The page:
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I was reading about GPR devices recently.

Considering the operation frequency of these devices, how they can go that deep (up to 50 feet)? Normally you would only expect a Hz to KHz range signal to go that deep into the ground.

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There is a special adaptation of the Friis equation, called the Radar Equation, that describes the range of a radar system. Here is a basic version that calculates the maximum range of a radar system:

$$R_{max}=\sqrt[4] {\frac {P_tG^2\lambda^2\sigma}{P{_{r(min)}}*(4\pi)^3*L}} \tag 1$$

where $R_{max}$ is the maximum range in meters, $P_t$ is the transmit power in watts, $G$ is the linear gain the combined transmit and receive antenna, $\lambda$ is the wavelength in meters of the frequency, $\sigma$ is the effective radar target cross section in square meters, $P_{r(min)}$ is the minimum receiver power required in watts, and $L$ is a linear loss factor to consolidate all losses other than free space effects encountered in the radar path.

So if we take a 2 GHz radar (0.15 meters) with 10 watts of transmit power, a receiver with 0.25 $\mu$V of sensitivity (1.25e-15 watts for a 50 ohm system), an antenna with a linear gain of 31.6 (15 dBi), a 1 square meter metal target and no other path losses, we calculate a maximum effective distance of 3,085 meters (10,121 feet).

We would now need to account for the losses of earth (rock, soils, sands and water) to apply this to a ground penetrating radar. This can be factored into $L$ in equation 1. I do not have data at hand to suggest what the possible attenuation factors would be for various forms of earth so instead, it may be instructive to rework equation 1 to solve for the maximum attenuation that can be accommodated over a specified distance:

$$L={\frac {P_tG^2\lambda^2\sigma}{P{_{r(min)}}*(4\pi)^3*R_{max}^4}} \tag 2$$

If we set $R_{max}$ to 15.24 meters (50 feet) as questioned by the OP and leave all other parameters the same, we find that an additional path loss ($L$) of ~92 dB (~1.68e9 linear attenuation) could be accommodated before the radar would not be able to detect a signal from a 1 meter square metal target 15.24 meters below the surface.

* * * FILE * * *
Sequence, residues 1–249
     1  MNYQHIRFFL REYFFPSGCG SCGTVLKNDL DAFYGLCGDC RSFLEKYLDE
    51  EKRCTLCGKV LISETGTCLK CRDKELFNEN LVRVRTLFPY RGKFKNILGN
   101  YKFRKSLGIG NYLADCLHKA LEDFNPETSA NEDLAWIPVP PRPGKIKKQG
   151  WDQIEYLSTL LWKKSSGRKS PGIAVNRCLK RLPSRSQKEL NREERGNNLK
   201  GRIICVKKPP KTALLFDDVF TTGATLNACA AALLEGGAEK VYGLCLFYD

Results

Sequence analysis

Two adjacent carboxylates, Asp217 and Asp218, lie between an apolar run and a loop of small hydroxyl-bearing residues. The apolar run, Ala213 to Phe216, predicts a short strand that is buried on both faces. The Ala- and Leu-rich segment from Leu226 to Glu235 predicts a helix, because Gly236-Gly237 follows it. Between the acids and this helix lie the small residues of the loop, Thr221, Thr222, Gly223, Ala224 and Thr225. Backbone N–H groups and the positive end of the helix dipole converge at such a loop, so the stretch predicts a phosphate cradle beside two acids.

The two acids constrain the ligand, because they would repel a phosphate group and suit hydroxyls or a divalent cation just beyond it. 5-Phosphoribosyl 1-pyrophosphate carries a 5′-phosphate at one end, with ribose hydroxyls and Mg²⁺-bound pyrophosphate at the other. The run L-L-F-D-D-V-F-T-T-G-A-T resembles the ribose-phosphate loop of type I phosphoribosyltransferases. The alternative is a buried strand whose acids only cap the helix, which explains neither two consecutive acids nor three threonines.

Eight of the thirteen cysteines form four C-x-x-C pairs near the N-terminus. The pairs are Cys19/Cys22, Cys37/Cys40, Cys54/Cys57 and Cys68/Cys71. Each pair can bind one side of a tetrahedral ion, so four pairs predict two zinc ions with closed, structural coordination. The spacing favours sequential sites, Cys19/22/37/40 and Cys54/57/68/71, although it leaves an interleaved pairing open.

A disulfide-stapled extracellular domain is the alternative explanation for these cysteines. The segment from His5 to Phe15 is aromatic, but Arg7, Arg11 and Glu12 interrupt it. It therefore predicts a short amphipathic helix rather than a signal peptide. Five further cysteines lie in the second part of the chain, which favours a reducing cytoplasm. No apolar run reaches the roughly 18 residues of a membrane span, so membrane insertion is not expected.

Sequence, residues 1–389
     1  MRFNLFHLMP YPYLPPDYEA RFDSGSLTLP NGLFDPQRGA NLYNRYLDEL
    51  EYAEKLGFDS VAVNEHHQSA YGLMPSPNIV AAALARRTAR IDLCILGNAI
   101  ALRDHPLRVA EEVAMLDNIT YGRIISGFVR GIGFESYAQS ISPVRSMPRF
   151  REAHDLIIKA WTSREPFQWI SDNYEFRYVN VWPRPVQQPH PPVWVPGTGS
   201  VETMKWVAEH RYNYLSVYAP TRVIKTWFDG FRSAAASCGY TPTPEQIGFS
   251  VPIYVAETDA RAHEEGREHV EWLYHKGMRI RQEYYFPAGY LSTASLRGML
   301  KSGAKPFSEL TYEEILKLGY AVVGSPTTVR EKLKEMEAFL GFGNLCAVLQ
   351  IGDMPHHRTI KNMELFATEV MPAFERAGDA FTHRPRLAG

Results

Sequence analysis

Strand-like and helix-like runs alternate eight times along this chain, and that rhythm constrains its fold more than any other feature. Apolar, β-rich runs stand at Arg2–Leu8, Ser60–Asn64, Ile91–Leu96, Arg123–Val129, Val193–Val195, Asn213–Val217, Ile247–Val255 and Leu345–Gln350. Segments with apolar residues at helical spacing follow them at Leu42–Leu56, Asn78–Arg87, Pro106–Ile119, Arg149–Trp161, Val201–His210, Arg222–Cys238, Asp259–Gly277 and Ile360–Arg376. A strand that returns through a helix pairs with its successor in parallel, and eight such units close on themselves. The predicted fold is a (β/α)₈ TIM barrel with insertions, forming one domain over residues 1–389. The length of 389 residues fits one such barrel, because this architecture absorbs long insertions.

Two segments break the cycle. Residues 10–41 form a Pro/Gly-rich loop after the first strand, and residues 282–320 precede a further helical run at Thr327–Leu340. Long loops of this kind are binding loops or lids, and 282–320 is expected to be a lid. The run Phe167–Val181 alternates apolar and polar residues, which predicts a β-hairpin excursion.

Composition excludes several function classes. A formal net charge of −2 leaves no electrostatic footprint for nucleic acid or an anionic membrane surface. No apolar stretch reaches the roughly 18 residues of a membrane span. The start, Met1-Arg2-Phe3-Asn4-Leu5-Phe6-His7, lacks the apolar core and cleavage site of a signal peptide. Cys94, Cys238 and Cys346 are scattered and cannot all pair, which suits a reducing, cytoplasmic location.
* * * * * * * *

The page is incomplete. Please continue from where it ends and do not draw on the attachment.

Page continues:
So armed with these basic formulas, one can run various "what if" scenarios to get a sense of what is possible. Do keep in mind that this is a very simplified form of the radar equation that does not 'reflect' (pun intended) all of the factors involved.

Edit:

I did find some very basic soil attenuation data at https://archive.epa.gov/esd/archive-geophysics/web/html/ground-penetrating_radar.html. Here is an extract of attenuation in the 40 to 1,500 MHz range:

enter image description here

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    $\begingroup$ This! Exactly this! Together with significant processing gain. If interested, I recommend looking into the topic of Synthetic Aperture Radar imaging; the rough idea is that you take many "snapshots" with an antenna with a very wide aperture (i.e. little directivity) that mostly overlap, and then mathematically combine these many overlapping low-resolution snapshots to one large high-resolution snapshot. The overlapping is done by the satellite doing the imaging moving around earth on its orbit. $\endgroup$ – Marcus Müller Jan 4 '18 at 17:37
  • $\begingroup$ So I was correct, the lower the frequency (longer wavelength) the further it penetrates. Also I noticed it is a bit counter intuitive, but makes sense if you think about it, that if it reflects more (more water content, or harder,denser rock for example) it will penetrate less. $\endgroup$ – Keith Martineau Jan 5 '18 at 0:50
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Although I admit more ignorance than knowledge in this area, I remember reading many places (don't remember where) about how deep radio waves penetrate the earth with regards to transmitting and earth losses (and how to avoid the losses). I remember that even at HF the penetration can easily be be several feet, and if memory serves correctly, it gets deeper with lower frequencies. Although it may not be related (again I plead ignorance) it reminds me of the skin effect, which causes the signal to be closer to the surface of the conductor as the frequency rises (less "deep" in the conductor). It is therefore not unreasonable to believe that at these ELF and VLF frequencies the signals can penetrate the ground to a very deep level. Hope this helps.

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  • $\begingroup$ Wow, I'm really impressed by the detailed responses I received. I have to confess I barely understand most of these formulas but I can understand the logic for these calculations. Recently I become interesred in metal detection functions and their limits in detecting objects. I did a lot of research about major metal detector companies and I saw some infamous companies claim their metal detector can go very deep by implementing larger antennas but then I thought if it was that simple why I haven't seen such products from well-known companies? Are they lazy making such metal detectors? Or.... $\endgroup$ – Samk80 Jan 5 '18 at 6:44

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